Return to Ivy Hill as friendships deepen, romances blossom, and mysteries unfold . . .
A gentlewoman in reduced circumstances, Miss Rachel Ashford lives as a guest in Ivy Cottage. With her meager funds rapidly depleting, she is determined to earn her own livelihood . . . somehow. Her friend Jane Bell and the other village women encourage her to open a circulating library with the many books she’s inherited from her father. As villagers donate additional books and Rachel begins sorting through the volumes, she discovers mysteries hidden among them. A man who once broke her heart helps her search for clues, but both find more than they bargained for.
Rachel’s hostess, Mercy Grove, has given up thoughts of suitors and finds fulfillment in managing her girls school. So when several men take an interest in Ivy Cottage, she assumes pretty Miss Ashford is the cause. Exactly what–or whom–has captured each man’s attention? The truth may surprise them all.
I loved Julie Klassen’s previous book, The Innkeeper of Ivy Hill, so I’m delighted to have the opportunity to read and review The Ladies of Ivy Cottage.
Julie Klassen’s debut series continues with a book focusing on two spinsters who run a small girls’ school and their friend. These women, first introduced in The Innkeeper of Ivy Hill, are considered past their prime when it comes to marriage eligibility but each has a reason for their singleness. But could their romantic fortunes be changing?
The Ladies of Ivy Cottage is the second book of the Tales from Ivy Hill series, and I definitely recommend reading the book one before starting it. Ivy Cottage starts almost immediately after the culmination of events in previous book, and there are plenty of references to these events. Almost all the characters featured were introduced previously and this novel focuses on their efforts to break free from their pasts. There are also poignant looks at the loss of family members and the process of getting old.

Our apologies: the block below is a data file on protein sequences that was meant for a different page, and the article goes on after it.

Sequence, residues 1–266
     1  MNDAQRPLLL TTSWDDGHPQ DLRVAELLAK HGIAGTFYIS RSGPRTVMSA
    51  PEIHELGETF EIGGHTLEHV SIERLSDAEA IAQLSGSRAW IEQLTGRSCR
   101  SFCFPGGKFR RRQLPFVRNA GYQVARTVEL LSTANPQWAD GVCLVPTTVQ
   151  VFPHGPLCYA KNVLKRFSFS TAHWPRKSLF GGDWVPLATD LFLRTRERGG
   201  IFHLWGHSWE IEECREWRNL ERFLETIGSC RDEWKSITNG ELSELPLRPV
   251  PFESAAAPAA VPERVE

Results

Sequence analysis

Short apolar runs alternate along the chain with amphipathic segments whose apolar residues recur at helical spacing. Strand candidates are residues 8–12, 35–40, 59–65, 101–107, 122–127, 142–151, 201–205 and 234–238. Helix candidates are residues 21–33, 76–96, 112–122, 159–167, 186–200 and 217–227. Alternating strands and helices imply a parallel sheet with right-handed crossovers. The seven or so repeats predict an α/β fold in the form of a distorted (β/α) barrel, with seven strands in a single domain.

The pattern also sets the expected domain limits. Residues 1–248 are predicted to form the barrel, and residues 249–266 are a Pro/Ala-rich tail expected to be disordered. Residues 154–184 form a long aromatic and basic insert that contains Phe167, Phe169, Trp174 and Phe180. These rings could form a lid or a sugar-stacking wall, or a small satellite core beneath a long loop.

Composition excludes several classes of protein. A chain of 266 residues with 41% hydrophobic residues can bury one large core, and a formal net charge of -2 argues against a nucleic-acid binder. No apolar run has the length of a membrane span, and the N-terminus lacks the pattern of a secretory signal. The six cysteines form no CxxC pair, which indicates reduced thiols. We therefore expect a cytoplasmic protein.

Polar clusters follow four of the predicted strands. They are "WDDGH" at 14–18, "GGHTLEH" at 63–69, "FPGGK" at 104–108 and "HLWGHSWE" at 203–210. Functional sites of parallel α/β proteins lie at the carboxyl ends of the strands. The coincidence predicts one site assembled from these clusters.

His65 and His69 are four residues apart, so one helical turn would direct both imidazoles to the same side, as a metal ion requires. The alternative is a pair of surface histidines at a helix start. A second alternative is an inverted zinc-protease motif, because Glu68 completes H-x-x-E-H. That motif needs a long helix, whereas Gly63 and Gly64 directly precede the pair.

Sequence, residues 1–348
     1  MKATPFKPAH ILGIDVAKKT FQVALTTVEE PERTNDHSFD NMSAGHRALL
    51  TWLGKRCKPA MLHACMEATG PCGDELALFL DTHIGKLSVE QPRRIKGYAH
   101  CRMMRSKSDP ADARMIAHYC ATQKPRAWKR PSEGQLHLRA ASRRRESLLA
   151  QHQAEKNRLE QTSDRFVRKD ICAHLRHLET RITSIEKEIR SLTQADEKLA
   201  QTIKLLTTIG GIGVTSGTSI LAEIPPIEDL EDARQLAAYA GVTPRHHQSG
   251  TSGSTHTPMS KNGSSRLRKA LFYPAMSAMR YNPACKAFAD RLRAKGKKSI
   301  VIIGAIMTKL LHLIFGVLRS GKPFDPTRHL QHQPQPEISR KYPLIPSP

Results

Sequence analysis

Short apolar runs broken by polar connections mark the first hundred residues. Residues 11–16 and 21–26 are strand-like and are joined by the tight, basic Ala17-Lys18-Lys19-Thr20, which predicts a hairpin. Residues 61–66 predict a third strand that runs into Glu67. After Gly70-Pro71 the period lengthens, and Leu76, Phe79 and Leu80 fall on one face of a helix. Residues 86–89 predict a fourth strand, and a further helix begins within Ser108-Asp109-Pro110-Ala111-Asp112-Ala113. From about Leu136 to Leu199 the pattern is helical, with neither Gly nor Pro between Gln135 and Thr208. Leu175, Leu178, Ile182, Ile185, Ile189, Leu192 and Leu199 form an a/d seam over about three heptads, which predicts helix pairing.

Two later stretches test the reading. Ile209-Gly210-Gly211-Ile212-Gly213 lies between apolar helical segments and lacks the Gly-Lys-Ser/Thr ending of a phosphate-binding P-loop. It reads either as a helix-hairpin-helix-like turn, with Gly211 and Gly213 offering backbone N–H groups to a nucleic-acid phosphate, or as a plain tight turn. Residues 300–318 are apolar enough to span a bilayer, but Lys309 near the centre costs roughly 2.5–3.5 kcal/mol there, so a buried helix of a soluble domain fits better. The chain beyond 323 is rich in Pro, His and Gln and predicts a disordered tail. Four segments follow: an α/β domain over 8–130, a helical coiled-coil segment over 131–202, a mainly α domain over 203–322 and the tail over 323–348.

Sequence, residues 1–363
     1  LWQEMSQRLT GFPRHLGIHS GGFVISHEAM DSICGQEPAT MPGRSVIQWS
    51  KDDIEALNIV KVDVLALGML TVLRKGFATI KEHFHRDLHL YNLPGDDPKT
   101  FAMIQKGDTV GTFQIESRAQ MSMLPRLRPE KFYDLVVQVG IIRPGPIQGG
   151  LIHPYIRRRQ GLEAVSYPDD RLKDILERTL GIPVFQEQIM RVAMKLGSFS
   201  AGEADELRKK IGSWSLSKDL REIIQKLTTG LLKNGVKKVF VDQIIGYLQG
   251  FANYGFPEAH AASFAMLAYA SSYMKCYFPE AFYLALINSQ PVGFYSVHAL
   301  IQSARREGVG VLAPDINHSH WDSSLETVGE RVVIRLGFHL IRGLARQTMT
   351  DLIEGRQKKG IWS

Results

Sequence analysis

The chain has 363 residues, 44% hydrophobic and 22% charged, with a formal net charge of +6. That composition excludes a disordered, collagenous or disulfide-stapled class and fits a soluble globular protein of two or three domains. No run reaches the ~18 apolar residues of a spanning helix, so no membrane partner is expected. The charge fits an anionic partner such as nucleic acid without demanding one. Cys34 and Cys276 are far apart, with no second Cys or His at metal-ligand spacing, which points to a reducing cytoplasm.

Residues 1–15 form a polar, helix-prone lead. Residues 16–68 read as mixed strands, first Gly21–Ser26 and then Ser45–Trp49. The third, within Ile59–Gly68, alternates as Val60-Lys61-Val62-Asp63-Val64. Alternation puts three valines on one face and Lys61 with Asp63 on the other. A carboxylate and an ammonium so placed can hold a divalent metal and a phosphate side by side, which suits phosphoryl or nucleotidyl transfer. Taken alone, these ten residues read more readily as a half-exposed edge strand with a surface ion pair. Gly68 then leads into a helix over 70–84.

Of course, my British upbringing means, when it comes to British-based fiction, I often notice that which most readers would not. I think Klassen possibly muddled two historical Wiltshire locations. In one chapter she describes a visit to a place called Old Sarum, “or ‘Stonehenge’ as some call it. Old Sarum is the remains of a medieval settlement, but the narrative clearly describes Stonehenge which is known for its prehistoric stone circle.
I’m disappointed that it appears the Ivy Hill series will end after the next book. Since it’s been compared to The Thrush Green series by Miss Read and the Mitford series by Jan Karon (both of which contain multiple novels), I had expected more than just three books. Regardless, I am looking forward to The Bride of Ivy Green which will be released in December 2018.
Thank you to Bethany House for my complimentary copy of The Ladies of Ivy Cottage, which I received for my honest review.
Have you read The Ladies of Ivy Cottage? Do you plan to read it? Let me know your thoughts.
Publisher: Bethany House (a division of Baker Publishing)
Publication Date: 05 December 2017
Page Count: 448